Many times, when people I meet find out I'm a religion correspondent, they usually respond -- that is, after the deer in the headlights stare-- with something like, "Religion is very divisive," or "Religion is the reason for all the problems in the world throughout history."
My usual answer to those theological musings is that, "Religion is the red herring. What's at the heart of all divisiveness is sin." Sin is basically people either behaving badly, selfishly, or making themselves equal to a sovereign being. This is the heart of human nature. And it's humans that practice all religions.
This response, more times than not ends the conversation. On rare occasions it launches a whole new discourse.
But with the House Homeland Security Committee hearing lead by Rep. Peter King in Washington, D.C. focusing on Islamic radicalization, once again religion itself is center stage.
There are those liberal voices that call the House hearing an assault on Islam, McCarthyism bent on demonizing a great religion. Still others make the point that with so many acts of terror in the name of Islam, we simply need to understand what makes it happen.
My area is religion, not politics. So my queries about Islamic terrorism tend to break the question down theologically and ask the question, "is there something in Islam itself that makes believers more susceptible to radicalization?"
Most religions are built basically the same; do these things -- pray, penance, repent, etc -- and earn your salvation.
I say most because Christianity actually is different. It says your salvation has already been given.
But both Islam and Christianity contain very violent verses in their Holy books. For example in The Bible it says in 2 Chronicles 25:12 "The army of Judah also captured 10,000 men alive, took them to the top of the cliff and threw them down, so that they were all dashed to pieces."(NIV) Or, in Deuteronomy 13:15 "You must certainly put to the sword all who live in that town. Destroy it completely, both its people and its livestock." (NIV)
While in the Koran there are plenty of these kinds of verses, 2:193 "Fight against them (unbelievers) until there is no dissension, and the religion is for Allah."Fight until no other religion exists but Islam.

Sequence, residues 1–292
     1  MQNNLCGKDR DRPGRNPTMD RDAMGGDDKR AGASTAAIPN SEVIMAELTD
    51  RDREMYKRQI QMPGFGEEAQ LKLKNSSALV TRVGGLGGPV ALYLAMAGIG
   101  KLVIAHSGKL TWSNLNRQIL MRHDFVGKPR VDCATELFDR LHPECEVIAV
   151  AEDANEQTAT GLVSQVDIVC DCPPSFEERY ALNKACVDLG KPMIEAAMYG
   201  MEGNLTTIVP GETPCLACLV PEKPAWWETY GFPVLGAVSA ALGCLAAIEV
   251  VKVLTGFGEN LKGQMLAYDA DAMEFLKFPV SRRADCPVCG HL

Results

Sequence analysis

And, 8:12, 14 "I shall cast terror into the hearts of the unbelievers. Strike them above the necks, smite their finger tips…. the punishment of the fire is for the unbelievers."
So why is it that today the majority of terrorists are more Muslims and not Christian?
One theory put forth to me is that Islam is simply going through a violent stage. The religion is about 600 years younger than Christianity. And if we look back at Christianity there's plenty of violence to recount. There are the Crusades, the Inquisition, the burning of "heretics", anti-Semitism, etc.
But that doesn't answer the question of whether or not the fault lay within religion itself or its followers. The truth is there are good Muslims and there are bad Christians. So what is the difference?
I believe essentially there are three things that may make Islam more prone to radicalization. One is the Koran itself. The fact that it's not a narrative makes it easier to pick and choose verses to fit your interpretation.
Two, the Prophet Mohammed's own words and deeds. In Islam's early days, Mohammed spread the faith with the sword.
Three, Islam was introduced into a world rife with tribalism; a shame and honor culture which revered and respected power. Much of what's going in Libya and what went on under Saddam Hussein, are extensions of that tribalism.
So first why is the Koran not being a narrative a big issue?
Lets' take for example take the Judeo - Christian Bible. It is a narrative of redemption. It is a single storyline beginning with God creating a perfect world. But then there was a great sin which became the progenitor of all sins. Through that sin everything became broken. Decay, debauchery and disease entered the world. That sin had to be atoned for to reconcile God with his creation.